How Does HIV Affect Child Development?
Children with HIV infection are at risk of developmental and behavioral challenges. Despite advances in HIV prevention and AIDS treatment elsewhere in the past two decades, HIV infection and AIDS are still significant problems in developing countries. The reasons for this difference are complex and multifactorial. They include the higher background prevalence of infection among adults in some communities in developing countries.
What Causes HIV in Children?
The virus can be transmitted during pregnancy, childbirth, and breast milk. About 12 to 14% of infants not infected at birth acquire HIV infection if they breastfeed from an HIV-infected mother. Transmission by breastfeeding is more likely in mothers who have a high level of virus in their bodies, including those who acquired the infection during the period of breastfeeding.
Symptoms of HIV in Children
- Slowed growth and delay of maturation
- Enlargement of lymph nodes
- Recurring diarrhea
- Lung and kidney infections
- Enlargement of the spleen or liver
- Fungal infection of the mouth
How Does HIV Affect Child Growth?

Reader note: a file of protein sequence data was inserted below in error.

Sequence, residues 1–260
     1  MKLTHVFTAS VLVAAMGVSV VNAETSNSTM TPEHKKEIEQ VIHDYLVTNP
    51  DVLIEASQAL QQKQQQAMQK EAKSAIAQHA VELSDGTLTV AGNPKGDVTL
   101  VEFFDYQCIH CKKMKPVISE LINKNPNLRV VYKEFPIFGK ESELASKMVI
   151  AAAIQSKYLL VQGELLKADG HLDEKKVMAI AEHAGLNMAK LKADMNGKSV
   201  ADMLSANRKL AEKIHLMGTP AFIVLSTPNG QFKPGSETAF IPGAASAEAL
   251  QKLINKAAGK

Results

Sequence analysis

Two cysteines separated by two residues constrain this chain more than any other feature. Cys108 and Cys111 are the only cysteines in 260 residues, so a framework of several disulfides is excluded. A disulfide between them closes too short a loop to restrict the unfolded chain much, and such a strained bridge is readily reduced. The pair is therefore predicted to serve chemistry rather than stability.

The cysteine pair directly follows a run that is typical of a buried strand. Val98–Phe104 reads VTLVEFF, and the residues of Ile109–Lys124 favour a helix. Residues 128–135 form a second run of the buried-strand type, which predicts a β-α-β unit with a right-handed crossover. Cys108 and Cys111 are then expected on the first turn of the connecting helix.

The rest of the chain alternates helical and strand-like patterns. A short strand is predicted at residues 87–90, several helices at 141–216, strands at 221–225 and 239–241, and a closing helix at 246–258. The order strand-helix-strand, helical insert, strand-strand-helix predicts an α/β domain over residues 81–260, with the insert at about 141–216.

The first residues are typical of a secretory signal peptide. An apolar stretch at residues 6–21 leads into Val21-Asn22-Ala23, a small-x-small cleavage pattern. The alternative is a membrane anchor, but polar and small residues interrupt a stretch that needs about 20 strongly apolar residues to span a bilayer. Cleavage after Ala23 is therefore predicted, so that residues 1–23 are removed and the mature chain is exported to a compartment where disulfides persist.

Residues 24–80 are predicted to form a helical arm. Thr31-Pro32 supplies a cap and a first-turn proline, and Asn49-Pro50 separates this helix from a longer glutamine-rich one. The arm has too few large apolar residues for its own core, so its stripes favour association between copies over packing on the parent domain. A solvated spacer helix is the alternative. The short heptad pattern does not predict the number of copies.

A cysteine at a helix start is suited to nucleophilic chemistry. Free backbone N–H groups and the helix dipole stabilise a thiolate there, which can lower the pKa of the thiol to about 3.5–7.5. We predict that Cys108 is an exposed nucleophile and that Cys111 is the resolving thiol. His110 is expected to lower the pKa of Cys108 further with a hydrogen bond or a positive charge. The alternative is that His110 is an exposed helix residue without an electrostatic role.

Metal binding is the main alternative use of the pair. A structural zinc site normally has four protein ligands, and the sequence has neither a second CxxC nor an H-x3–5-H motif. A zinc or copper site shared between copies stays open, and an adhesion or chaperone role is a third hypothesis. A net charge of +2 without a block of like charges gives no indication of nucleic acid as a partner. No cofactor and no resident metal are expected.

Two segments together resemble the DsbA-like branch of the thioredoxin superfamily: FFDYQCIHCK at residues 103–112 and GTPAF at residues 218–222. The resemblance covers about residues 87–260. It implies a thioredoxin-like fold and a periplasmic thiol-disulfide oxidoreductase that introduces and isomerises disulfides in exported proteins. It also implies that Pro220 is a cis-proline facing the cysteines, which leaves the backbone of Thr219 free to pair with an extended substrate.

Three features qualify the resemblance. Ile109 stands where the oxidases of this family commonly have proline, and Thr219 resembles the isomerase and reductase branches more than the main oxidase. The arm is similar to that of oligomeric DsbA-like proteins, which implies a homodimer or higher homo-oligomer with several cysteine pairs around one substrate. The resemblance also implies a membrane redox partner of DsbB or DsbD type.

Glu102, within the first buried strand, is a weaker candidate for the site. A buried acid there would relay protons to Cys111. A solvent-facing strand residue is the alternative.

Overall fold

Abnormalities in growth and metabolism are common in children infected with HIV. Poor growth was among the first manifestations of HIV infection to be recognized in children and had a significant effect on short-term survival. Initially, children with HIV often suffer from the same infections as children without HIV. This is one reason why the diagnosis of HIV infection in young children can be difficult.
Those with HIV and AIDS have common illnesses such as diarrhea, respiratory infections, and malnutrition. But, children born with HIV are more vulnerable to infections. Death rates are also high in children with HIV and AIDS. Between 50 and 75 percent die before the age of five years. With this, infected mothers are given treatment before and during pregnancy to reduce the risk of passing the infection to the child.
How to Avoid Getting and Passing HIV Infection?
- Use treatment as prevention. If you’re living with HIV, taking HIV medication can keep your partner from becoming infected with the virus. Using TasP means taking your medication exactly as prescribed and getting regular checkups.
- Use post-exposure prophylaxis if you’ve been exposed to HIV. If you think you’ve been exposed to sex, needles, or anywhere else, contact your doctor or go to the emergency department. Take PEP as soon as possible to reduce your risk of becoming infected with HIV.
- Use a new condom every time you have sex. Use a new condom every time you have anal or vaginal sex. Maintaining protected sex prevents STDs. Note that multiple sex partners can also increase your risk of infection.
- Consider preexposure prophylaxis. PrEP can reduce your risk of getting HIV from sex. Your doctor will prescribe these drugs for HIV prevention only if you don’t already have an HIV infection.
- If you’re pregnant, get medical care right away. If you’re HIV-positive, you may pass the infection to your baby. But if you receive treatment during pregnancy, you can significantly cut your baby’s risk.